About Us

EPA Issues Controversial Greenhouse Gas Interpretive Ruling

May 30, 2009 - Stoel Rives, LLP

On March 29th EPA signed a long-awaited interpretive ruling regarding when and how facilities that emit greenhouse gases will be subject to permitting under Title V and Major New Source Review . The federal rules state that a source must consider those pollutants that “are subject to regulation” under the Clean Air Act when determining whether the source is a major Prevention of Significant Deterioration (PSD) source. As the PSD major source threshold currently stands at either 100 or 250 tons per year (depending on your source type), almost any combustion source would trigger PSD. In addition, a source that triggers PSD must establish Best Available Control Technology (BACT) for any pollutant subject to regulation that it emits in significant amounts. Therefore, even if the source is presumed not to trigger PSD based on its greenhouse gas emissions, that source would potentially still need to establish BACT for greenhouse gases. In December 2008, EPA issued a memorandum stating that “subject to regulation” meant “subject to either a provision in the CAA or regulation adopted by EPA under the CAA that requires actual control of emissions of that pollutant,” while excluding pollutants “for which EPA regulations only require monitoring or reporting.” Thus the fact that some power plants are required to monitor for CO2 did not make CO2 a pollutant “subject to regulation.” The Sierra Club requested that EPA reconsider this position, and EPA agreed to do so just over a year ago. The result was the document released March 29, 2010.

In its interpretive ruling, EPA concluded that it will continue to consider greenhouse gases as pollutants that are potentially subject to regulation. However, EPA will not consider greenhouse gases “subject to regulation” until the first substantive rule regulating greenhouse gases actually takes effect. With the promulgation of automobile greenhouse gas standards looming, but the actual implementation date of those standards a year off, this distinction is very important. EPA was clear that the adoption of automobile greenhouse gas standards will not cause greenhouse gases to become a regulated pollutant, but that once automobile manufacturers actually have to comply with the limits, greenhouse gases will become a regulated pollutant that can potentially trigger PSD and/or BACT. Automobile manufacturers do not need to comply with the standards prior to January 2, 2011. Therefore, prior to 2011 there is a strong argument that new major sources or major modifications at existing major sources need not determine BACT or otherwise address PSD for greenhouse gases. However, this is only a temporary reprieve, and EPA stated that on January 2, 2011 it will consider greenhouse gases to be subject to PSD (assuming the final automotive standards are issued in time to be applicable to model year 2012 vehicles). EPA is actively working on guidance for how to establish BACT for greenhouse gases. This ruling does not alter EPA’s plans to implement a separate rule (the “Tailoring Rule”) that will increase the applicability threshold for Title V and PSD sources to a number significantly greater than 250 tons per year of greenhouse gas emissions.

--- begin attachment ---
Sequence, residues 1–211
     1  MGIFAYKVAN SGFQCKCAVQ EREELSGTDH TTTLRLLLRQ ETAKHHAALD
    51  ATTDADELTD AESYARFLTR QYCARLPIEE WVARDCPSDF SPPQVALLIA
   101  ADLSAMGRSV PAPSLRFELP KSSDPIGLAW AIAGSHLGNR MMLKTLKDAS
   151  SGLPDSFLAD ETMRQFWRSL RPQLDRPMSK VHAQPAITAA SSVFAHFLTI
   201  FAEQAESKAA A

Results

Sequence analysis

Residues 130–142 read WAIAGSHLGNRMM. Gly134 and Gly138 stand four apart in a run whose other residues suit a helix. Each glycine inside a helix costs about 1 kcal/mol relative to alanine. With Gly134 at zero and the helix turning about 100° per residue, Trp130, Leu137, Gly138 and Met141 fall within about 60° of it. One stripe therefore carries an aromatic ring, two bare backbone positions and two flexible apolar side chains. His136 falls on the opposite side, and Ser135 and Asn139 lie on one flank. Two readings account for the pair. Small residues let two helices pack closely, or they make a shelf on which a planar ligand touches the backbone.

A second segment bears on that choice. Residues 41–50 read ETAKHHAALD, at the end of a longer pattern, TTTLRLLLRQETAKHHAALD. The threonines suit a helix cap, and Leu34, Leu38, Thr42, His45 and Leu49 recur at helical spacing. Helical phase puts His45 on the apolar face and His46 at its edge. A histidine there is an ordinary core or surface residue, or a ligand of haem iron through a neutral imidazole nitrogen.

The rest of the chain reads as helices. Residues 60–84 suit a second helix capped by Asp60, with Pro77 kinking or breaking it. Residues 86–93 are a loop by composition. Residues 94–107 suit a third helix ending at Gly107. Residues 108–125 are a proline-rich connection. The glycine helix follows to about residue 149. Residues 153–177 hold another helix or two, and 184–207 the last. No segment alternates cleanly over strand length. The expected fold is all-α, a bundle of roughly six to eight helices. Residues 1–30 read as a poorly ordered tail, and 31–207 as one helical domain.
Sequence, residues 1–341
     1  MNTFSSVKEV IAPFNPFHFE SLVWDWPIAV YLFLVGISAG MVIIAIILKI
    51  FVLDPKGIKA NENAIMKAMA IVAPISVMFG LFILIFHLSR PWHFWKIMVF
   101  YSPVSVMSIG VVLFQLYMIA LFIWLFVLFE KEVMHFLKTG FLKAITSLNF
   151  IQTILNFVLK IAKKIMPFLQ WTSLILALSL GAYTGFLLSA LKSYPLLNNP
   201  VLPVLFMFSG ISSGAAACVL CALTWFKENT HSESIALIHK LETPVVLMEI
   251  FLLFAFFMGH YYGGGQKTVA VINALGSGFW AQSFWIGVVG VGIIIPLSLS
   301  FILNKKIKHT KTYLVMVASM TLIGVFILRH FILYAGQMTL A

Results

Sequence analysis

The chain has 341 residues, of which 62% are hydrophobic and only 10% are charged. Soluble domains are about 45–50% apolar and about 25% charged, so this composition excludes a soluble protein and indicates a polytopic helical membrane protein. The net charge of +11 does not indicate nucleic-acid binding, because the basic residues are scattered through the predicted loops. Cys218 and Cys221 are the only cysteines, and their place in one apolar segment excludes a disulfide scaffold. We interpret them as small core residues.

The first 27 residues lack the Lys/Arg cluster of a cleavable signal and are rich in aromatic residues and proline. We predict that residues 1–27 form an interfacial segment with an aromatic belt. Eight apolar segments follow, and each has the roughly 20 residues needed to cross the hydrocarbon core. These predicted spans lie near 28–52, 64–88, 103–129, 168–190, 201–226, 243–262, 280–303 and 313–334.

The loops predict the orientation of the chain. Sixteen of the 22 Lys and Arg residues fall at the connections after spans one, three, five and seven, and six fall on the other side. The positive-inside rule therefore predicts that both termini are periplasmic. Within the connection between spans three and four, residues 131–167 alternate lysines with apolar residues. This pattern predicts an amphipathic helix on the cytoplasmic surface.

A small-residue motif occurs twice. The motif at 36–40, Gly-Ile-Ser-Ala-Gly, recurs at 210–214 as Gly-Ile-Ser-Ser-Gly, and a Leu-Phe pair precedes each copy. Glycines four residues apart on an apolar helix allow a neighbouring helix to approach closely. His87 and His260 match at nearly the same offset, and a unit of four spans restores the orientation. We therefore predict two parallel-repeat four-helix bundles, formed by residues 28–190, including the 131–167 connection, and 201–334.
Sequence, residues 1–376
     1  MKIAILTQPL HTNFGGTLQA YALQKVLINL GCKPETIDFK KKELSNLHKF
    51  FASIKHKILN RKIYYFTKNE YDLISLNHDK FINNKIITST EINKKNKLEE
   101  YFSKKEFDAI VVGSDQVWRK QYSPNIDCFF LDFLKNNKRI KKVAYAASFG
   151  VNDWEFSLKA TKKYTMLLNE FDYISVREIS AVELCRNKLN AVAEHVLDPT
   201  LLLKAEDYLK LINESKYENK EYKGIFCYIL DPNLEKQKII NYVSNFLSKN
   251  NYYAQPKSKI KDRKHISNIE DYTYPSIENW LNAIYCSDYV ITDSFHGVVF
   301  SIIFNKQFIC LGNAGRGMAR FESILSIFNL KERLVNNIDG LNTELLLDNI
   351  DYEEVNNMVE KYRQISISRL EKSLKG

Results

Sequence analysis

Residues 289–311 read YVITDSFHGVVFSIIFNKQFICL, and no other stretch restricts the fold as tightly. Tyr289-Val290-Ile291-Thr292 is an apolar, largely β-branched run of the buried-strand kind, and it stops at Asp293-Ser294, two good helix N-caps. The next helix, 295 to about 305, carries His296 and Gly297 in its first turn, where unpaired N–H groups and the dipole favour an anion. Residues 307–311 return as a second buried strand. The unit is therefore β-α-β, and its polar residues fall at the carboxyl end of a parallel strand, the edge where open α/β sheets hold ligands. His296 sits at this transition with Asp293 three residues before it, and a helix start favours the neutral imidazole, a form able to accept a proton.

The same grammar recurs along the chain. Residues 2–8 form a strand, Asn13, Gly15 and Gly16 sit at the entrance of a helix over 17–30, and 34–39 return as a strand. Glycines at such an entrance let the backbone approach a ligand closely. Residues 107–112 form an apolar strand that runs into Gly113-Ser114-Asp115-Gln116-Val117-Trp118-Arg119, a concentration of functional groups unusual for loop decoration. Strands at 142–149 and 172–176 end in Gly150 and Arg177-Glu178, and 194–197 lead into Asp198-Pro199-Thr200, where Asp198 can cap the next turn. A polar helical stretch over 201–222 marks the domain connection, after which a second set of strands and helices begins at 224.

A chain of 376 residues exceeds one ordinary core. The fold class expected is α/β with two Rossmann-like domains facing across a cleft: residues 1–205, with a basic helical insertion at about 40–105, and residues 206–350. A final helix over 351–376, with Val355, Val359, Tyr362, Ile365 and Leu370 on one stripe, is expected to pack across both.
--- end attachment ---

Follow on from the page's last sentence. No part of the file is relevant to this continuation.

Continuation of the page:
A key question that sources in the midst of permitting are asking is what happens if their permit is issued on or after January 2, 2011. EPA refused in this document to grandfather in applications deemed complete prior to that date. Instead, EPA stated that “each PSD permit issued on or after January 2, 2011 would need to contain provisions that satisfy the PSD requirements that will apply to GHGs as of that date.” A facility that triggered PSD for greenhouse gases alone will presumably be impacted by the Tailoring Rule. However, any source that triggers PSD for another pollutant will need to consider whether it needs to address BACT for greenhouse gases. Whether a facility needs to address PSD or BACT could vary from state to state depending on the how PSD is implemented in that state. EPA expressly threatens those states, such as Oregon, that enumerate their PSD pollutants (rather than including all pollutants “subject to regulation) with a State Implementation Plan (SIP) call if they do not apply PSD to greenhouse gases starting on January 2, 2011. However, whether the state has the authority to do so will depend on the rules in place.

EPA further stated that Title V applicability will be interpreted consistent with PSD applicability. Those sources with greater than 100 tpy of greenhouse gases emissions would become subject to Title V permitting (assuming they are not already subject to Title V permitting) on January 2, 2011, unless the Tailoring Rule establishes alternate applicability thresholds before that time. Look for the Tailoring Rule to bring some order to this process, but in the meantime a number of sources will still need to consider Title V for the first time in 2011 as a result of their greenhouse gas emissions.

This interpretive ruling is a final agency action open for challenge in the D.C. Circuit. The interpretive ruling takes effect immediately upon publication. If you have any questions or would like to discuss this ruling, please contact:

Marty Banks at (801) 578-6975 or mkbanks@stoel.com
Matt Cohen at (206) 386-7569 or mcohen@stoel.com
Krista McIntyre at (208) 387-4239 or kkmcintyre@stoel.com
John McKinsey at (916) 319-4746 or jamckinsey@stoel.com
Lee Smith at (916)  319-4651 or lnsmith@stoel.com
Tom Wood at (503) 294-9396 or trwood@stoel.com


Updated: 2003/07/28